D. P. Landau and K. Binder.
"A guide to Monte Carlo Simulations in Statistical Physics".
Cambridge, 2005.

M. E. J. Newman and G. T. Barkema.
"Monte Carlo Methods in Statistical Physics".
Oxford University Press, 1999.
Useful online resources
 Thermostats: Philippe H. Hünenberger, Thermostat Algorithms for Molecular Dynamics Simulations, Adv. Polym. Sci. (2005) 173:105–149.
 Error analysis: W. Janke, Statistical Analysis of Simulations:Data Correlations and Error Estimation, Quantum Simulations of Complex ManyBody Systems:
From Theory to Algorithms, Lecture Notes, (2002).
 Be careful when using Wikipedia as a resource. It may contain a lot of useful information, but also a lot of nonsense, because anyone can write it.
Tutorials
Location and Time
 The tutorials take place in the CIPPool on the first floor of the ICP (Room 01.033, Allmandring 3) on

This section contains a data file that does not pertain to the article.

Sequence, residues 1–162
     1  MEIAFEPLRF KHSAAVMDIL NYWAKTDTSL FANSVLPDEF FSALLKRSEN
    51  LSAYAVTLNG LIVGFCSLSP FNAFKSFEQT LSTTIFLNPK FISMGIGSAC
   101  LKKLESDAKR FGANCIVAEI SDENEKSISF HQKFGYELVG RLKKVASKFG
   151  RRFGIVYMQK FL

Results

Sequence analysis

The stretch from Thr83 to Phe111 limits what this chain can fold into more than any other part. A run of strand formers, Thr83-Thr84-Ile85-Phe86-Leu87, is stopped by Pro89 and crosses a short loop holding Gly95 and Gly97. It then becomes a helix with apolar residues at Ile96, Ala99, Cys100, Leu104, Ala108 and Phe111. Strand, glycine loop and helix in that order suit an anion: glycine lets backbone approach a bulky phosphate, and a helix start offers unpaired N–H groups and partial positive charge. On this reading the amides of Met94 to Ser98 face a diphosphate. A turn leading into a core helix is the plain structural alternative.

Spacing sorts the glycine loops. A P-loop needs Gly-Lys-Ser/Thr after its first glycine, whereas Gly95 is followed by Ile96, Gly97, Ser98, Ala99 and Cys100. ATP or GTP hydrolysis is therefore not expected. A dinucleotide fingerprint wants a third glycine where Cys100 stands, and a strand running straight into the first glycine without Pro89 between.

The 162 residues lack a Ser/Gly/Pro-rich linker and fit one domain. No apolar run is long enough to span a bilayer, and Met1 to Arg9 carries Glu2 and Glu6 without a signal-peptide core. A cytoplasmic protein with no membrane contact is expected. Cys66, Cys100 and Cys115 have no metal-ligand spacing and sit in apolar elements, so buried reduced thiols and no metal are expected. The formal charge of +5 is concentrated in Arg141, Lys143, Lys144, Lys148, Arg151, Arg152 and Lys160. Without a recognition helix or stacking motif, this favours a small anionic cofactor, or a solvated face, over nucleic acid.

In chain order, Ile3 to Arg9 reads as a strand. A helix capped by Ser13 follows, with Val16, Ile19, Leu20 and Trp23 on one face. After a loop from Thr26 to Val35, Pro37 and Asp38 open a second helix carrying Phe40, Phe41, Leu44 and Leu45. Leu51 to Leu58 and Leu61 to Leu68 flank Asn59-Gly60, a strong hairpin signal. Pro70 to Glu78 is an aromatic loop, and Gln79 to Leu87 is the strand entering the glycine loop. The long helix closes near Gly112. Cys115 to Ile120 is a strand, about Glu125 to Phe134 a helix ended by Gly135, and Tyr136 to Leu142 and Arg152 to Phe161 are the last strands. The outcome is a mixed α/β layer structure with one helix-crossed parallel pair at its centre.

Wed 15:4517:15 (Tutor: Florian Weik)
 Wed 17:3019:00 (Tutor: Johannes Zeman)
Worksheets
Worksheet 3: Molecular Dynamics 2 and Observables
 Deadline: December 08, 2014, 10:00 a.m.
 Worksheet 3 (326 KB)
 templates.tar.gz (4 KB)  Archive containing the files required for this worksheet.
Worksheet 2: Statistical Mechanics and Molecular Dynamics
 Deadline: November 17, 2014, 10:00 a.m.
 Worksheet 2 (332 KB)
 templates.tar.gz (10 KB)  Archive containing the files required in some tasks
Worksheet 1: Integrators
 Deadline: November 3, 2014, 10:00 a.m.
 Worksheet 1 (288 KB)
 solar_system.pkl.gz (496 bytes)  Archive containing the files required in some tasks
 cannonball_template.png (70 KB)  Python program template as an image
 latextemplate.tex (7 KB)  LaTeX template for the report
General Remarks
 For the tutorials, you will get a personal account for the ICP machines.
 All material required for the tutorials can also be found on the ICP computers in the directory
/group/sm/2014
.  For the reports, we have a nice latextemplate.tex (7 KB).
 You can do the exercises in the CIPPool when it is not occupied by another course. The pool is accessible on all days, except weekends and late evenings.